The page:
“Northern States Power d/b/a Xcel Energy” filed a rate case with the Minnesota Public Utilities Commission, PUC Docket 15-826.  You can see all the filings — GO HERE TO PUC SEARCH PAGE — and search for docket 15-826.

Prehearing Conference

Monday, January 4 at 1:30 p.m.

PUC Large Hearing Room – 3rd Floor

121 – 7th Place E.

St. Paul, MN  55101

Xcel is asking for a big increase, and they admit it’s transmission driven.  So yes, I’m interested, you betcha.  No CapX 2020 and Carol A. Overland (as individual) have intervened:

No CapX 2020 – Overland_InterventionPacket

So far, here’s what’s been happening:

A rough schedule has been proposed by Commerce DER, which will be hashed out at the Prehearing Conference, and probably altered as the case moves forward:


The PUC Staff Briefing Papers for last Thursday’s meeting:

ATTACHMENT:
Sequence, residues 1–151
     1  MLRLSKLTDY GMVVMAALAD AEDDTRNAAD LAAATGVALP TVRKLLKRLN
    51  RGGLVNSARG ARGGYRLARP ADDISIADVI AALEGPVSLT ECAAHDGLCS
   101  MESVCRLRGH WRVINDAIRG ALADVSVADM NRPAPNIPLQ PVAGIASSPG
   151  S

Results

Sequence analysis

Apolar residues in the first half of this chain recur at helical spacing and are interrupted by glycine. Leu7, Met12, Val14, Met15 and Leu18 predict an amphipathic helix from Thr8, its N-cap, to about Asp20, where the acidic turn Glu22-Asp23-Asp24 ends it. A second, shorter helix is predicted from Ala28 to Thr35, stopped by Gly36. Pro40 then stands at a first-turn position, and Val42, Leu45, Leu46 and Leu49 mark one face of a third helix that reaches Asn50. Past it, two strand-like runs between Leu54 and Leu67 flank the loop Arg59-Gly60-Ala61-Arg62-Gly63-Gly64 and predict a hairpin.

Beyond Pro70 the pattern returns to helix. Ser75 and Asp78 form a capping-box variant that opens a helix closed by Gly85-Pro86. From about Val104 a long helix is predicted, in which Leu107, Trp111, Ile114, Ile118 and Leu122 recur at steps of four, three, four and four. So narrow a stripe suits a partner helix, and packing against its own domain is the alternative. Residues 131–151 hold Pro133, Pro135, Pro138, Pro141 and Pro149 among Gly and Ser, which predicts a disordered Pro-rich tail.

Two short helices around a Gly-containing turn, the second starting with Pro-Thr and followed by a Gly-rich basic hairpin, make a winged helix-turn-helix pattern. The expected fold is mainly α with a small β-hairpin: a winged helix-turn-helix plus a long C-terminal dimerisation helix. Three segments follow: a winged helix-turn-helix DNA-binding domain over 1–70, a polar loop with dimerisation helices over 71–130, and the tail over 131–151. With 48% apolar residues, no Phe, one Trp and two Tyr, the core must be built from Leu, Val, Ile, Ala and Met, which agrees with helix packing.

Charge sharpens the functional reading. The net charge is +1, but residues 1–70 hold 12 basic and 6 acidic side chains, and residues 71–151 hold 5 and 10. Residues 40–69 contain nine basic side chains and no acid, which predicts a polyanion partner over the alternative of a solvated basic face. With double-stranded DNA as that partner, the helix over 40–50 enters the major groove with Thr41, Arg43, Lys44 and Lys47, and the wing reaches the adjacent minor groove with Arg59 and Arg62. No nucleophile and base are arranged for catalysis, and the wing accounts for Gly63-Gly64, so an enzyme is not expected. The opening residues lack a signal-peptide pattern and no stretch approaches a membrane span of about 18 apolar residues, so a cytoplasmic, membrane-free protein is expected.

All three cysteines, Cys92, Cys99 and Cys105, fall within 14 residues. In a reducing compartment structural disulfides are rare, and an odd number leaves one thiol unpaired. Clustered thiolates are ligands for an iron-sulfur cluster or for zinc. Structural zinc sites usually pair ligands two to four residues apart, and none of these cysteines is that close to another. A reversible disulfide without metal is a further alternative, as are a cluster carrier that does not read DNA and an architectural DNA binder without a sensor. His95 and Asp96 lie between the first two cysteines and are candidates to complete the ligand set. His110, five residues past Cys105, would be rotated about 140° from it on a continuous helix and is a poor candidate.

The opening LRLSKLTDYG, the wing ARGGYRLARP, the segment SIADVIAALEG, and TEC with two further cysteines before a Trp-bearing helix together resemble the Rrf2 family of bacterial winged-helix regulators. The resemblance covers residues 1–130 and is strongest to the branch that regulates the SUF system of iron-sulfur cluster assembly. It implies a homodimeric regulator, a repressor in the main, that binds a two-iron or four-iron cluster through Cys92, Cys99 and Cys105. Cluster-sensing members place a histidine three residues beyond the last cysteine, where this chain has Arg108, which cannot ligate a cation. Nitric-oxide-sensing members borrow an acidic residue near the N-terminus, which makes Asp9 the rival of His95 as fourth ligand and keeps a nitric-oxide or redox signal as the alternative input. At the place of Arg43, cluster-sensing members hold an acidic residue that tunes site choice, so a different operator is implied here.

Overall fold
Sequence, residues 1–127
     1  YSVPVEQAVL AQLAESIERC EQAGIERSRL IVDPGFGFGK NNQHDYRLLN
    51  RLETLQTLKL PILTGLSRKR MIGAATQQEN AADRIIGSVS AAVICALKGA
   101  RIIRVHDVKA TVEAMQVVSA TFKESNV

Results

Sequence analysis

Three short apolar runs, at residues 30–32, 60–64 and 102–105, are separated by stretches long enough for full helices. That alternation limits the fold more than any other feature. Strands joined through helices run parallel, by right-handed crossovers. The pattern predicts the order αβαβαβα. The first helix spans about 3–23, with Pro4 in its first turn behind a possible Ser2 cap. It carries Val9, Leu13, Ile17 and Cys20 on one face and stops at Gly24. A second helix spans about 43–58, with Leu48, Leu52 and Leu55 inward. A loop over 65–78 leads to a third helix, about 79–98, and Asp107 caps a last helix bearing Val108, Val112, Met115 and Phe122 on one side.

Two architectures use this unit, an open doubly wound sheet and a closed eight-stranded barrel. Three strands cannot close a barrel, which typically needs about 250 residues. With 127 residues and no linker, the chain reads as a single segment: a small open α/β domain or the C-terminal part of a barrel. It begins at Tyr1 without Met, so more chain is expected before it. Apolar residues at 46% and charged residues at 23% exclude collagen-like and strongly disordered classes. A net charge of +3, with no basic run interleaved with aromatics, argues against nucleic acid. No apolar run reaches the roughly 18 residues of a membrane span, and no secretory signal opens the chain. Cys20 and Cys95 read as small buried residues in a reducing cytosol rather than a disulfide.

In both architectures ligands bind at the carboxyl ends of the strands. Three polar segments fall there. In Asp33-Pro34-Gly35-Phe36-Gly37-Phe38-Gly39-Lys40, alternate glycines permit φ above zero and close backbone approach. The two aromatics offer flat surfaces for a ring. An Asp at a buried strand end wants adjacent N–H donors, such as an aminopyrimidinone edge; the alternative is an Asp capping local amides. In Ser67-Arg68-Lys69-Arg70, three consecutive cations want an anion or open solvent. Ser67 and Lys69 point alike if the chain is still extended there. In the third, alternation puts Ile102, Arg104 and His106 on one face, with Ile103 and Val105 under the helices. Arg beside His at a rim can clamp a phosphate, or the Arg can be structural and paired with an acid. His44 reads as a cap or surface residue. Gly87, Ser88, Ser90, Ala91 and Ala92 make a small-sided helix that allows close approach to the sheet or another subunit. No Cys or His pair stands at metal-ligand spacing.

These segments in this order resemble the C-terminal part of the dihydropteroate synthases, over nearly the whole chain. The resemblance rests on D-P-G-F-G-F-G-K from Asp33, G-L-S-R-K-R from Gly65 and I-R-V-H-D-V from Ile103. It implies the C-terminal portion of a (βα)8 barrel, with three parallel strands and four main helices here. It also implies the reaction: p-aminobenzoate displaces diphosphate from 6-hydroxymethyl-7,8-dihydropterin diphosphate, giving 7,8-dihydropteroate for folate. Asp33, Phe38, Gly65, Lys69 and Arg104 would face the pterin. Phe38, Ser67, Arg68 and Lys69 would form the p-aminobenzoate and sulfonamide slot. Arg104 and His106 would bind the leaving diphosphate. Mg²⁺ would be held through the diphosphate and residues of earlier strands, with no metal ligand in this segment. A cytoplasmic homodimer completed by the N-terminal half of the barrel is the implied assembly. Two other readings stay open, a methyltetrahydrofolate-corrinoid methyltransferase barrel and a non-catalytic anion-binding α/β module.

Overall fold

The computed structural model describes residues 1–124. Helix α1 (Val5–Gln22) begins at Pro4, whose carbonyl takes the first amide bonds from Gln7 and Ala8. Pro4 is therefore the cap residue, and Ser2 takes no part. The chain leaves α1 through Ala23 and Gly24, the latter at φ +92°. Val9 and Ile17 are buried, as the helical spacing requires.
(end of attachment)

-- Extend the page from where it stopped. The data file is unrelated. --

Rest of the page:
Staff Briefing Papers_1_201512-116122-01

Staff Briefing PapersAddeudum_1_201512-116402-01

Staff Briefing Papers Addendum_2_ PI Decision Options_201512-116402-02

Staff Briefing Papers_Tuma Option_201512-116402-03

Here’s the webcast:  Video – should be good for 90 days from Dec. 10

Video – Docket 15-662 — Rate Design — video at 00:15:00 – 02:20:00

Video – Docket 15-826 — Rate Case — starts at 02:20:00

There has been one other intervention — “The Commercial Group” which is the biggies, like Walmart.  There have been several Notice of Appearances filed, but not interventions. ???

The AG’s Office has been the only one filing challenging comments thus far, which is why I have felt the need to barge in.  The “usual suspects” have been part of the e21 nonsense, and other agreements in the past that have both compromised their position and not been in the public interest.  Here are the AG Comments thus far.  RUD is dead on about NSP/Xcel’s overstatements, and those proven overstatements should be sufficient to grind this thing to a halt and get on more realistic terms:



This is just Minnesota.  Obviously there will be a similar proceeding in Wisconsin in the very near future.

And given this rate case is transmission driven, the linkage between the FERC approved MISO rate and the reduction of return on equity in the FERC docket will have to be addressed:

Lower Return on Equity for Transmission

December 29th, 2015